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Why is Alistair Darling quoting Guy Fawkes?

Men wearing Guy Fawkes masks

By Denise Winterman
BBC News Magazine

Revealing his plans to head off a long-lasting recession, Chancellor Alistair Darling said these were exceptional times that required exceptional measures. Does he know he's quoting a man who tried to blow up Parliament?

The times we are living in are quite exceptional, don't you know. Chancellor of the Exchequer Alistair Darling told us so in Monday's pre-Budget report, using what is rapidly becoming the phrase du jour.

In recent weeks the line "exceptional times that required exceptional measures" has been delivered by his boss Gordon Brown. By Jose Manuel Barroso, the President of the European Commission. And by the governor of the Bank of England, Mervyn King.

Gordon Brown: "Extraordinary times require extraordinary action"

It's a well-known phrase and the variations are plentiful. As well as exceptional, times are often desperate, drastic or extreme, and can require action as well as measures. We all get the drift, but where does the phrase come from?

While no original source is credited, the origins of the saying go back centuries and it is very similar to the Latin Extremis malis extrema remedia. This translates as "extreme remedies for extreme ills".

The earliest English records date back to the mid 16th Century, when it was a popular proverb, says Elizabeth Knowles, editor of The Oxford Dictionary of Quotations. And like today, there were lots of variations.

"That's how the proverbial usually works - you get a sense and a balance of the meaning but the words might differ slightly," she says. "In this case it always means an unusual response to an unusual need."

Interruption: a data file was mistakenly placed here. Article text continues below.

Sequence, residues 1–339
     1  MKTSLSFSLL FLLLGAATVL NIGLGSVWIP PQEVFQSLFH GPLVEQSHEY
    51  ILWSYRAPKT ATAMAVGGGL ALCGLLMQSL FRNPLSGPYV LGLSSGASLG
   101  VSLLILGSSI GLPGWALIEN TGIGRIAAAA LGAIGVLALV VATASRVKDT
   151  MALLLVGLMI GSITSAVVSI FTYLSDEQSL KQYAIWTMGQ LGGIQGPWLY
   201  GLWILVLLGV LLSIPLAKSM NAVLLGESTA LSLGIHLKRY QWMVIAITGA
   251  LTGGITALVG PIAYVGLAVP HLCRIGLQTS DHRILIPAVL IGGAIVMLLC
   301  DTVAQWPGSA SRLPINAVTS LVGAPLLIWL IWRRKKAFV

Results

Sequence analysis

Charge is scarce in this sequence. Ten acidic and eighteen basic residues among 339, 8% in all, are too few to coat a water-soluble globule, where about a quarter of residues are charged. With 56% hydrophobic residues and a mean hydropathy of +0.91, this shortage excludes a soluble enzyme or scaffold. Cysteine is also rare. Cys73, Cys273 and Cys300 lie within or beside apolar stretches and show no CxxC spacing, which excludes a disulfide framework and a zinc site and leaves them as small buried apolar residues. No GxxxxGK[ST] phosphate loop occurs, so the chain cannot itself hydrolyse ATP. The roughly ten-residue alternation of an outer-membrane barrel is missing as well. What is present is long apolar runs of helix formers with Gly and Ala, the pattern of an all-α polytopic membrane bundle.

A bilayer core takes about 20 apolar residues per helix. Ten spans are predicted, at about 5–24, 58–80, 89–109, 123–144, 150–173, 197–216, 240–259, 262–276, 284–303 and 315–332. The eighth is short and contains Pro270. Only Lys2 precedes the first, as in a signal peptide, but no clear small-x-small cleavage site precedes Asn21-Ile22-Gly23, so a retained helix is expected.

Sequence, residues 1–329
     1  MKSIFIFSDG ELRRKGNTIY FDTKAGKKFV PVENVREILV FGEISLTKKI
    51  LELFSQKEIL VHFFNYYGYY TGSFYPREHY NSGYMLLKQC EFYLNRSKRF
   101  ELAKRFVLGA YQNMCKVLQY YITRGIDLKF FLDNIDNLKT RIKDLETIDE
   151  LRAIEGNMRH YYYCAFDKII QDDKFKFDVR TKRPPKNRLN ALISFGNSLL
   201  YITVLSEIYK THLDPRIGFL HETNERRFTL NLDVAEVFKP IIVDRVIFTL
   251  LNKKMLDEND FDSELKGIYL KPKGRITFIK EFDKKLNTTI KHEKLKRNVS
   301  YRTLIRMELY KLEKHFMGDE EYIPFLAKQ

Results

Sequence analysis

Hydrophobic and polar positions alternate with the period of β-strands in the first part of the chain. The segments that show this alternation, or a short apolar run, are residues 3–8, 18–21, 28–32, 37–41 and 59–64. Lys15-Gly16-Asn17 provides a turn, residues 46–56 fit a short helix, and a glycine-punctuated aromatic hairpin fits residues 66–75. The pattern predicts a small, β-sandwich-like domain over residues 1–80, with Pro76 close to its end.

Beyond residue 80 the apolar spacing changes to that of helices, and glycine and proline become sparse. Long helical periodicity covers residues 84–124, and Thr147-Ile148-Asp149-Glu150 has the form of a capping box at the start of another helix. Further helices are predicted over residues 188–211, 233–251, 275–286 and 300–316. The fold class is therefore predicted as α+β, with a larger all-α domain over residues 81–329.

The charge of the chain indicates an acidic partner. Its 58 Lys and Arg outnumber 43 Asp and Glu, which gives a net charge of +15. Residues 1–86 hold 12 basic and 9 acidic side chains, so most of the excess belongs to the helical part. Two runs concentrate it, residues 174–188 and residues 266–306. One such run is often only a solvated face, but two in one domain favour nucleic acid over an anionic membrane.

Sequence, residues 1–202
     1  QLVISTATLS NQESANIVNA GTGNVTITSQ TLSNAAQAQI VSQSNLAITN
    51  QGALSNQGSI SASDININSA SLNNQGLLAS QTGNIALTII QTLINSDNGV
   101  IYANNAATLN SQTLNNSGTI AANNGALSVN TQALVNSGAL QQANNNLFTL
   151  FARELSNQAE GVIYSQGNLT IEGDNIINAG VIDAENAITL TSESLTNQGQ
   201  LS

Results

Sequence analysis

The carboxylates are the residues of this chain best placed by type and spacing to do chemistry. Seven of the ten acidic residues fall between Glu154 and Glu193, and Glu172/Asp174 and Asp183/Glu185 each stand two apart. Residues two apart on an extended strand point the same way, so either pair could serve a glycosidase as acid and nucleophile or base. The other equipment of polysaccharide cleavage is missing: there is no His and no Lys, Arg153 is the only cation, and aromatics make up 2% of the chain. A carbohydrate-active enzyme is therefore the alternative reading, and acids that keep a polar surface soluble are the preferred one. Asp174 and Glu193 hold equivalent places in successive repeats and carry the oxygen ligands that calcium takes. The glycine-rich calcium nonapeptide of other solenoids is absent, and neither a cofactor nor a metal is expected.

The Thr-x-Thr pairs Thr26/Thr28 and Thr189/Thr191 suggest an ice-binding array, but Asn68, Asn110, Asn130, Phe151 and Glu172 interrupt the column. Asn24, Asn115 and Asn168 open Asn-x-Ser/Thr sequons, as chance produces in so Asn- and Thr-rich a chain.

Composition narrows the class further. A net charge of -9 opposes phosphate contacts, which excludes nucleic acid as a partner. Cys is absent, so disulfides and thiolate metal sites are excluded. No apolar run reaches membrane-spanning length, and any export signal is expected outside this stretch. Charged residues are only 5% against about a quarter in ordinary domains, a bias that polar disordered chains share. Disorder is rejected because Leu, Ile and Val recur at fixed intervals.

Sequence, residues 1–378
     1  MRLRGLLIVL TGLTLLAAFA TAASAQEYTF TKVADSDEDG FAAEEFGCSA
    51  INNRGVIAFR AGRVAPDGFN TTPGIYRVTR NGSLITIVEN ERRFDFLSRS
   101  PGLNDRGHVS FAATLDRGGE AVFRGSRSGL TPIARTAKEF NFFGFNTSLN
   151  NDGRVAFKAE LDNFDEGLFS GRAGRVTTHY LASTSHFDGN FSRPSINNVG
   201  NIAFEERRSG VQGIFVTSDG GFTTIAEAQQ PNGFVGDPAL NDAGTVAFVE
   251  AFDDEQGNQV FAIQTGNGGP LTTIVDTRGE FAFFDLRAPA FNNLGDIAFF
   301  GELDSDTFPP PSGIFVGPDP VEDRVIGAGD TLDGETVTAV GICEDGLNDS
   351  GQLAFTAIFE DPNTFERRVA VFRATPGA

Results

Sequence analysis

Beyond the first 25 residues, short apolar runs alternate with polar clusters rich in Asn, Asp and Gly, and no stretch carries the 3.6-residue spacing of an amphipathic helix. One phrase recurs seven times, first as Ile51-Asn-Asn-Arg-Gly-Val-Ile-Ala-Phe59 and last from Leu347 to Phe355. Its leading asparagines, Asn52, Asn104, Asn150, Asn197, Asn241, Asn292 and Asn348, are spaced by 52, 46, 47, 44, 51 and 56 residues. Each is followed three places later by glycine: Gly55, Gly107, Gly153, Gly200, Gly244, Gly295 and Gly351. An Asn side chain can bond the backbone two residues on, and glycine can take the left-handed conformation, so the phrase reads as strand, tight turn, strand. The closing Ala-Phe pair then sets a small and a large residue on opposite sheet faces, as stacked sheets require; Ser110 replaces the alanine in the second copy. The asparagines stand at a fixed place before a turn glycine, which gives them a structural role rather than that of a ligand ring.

To be or...

The proverb was also used by Shakespeare about the turn of the 17th Century. In Hamlet he wrote: "Diseases desperate grown, by desperate alliances are relieved, or not at all."

It was most famously used about the same time by a man who was not a fan of politicians - Guy Fawkes. He tried to wipe out King James I and his entire government by blowing up the Houses of Parliament.

William Shakespeare
Shakespeare put the phrase in Hamlet's mouth

When questioned by the King and council immediately after his arrest on 6 November, 1605, he reportedly said: "Desperate diseases require desperate measures."

Use of the word "exceptional" in the saying dates from the end of the 19th Century, says Ms Knowles.

"It can be traced back to a parliamentary debate," she says. "It seems the word 'exceptional' is used mainly in legal or political fields."

The reason such phrases become so ubiquitous is because they add some sort of literary weight to a speech, says the Oxford University lexicographer, Charlotte Brewer.

"Such sayings act as pithy pearls of wisdom, they're basically very early soundbites. By quoting them people are tapping into a cultural tradition. The sayings are seen as respectable and people accept them as a piece of received wisdom."

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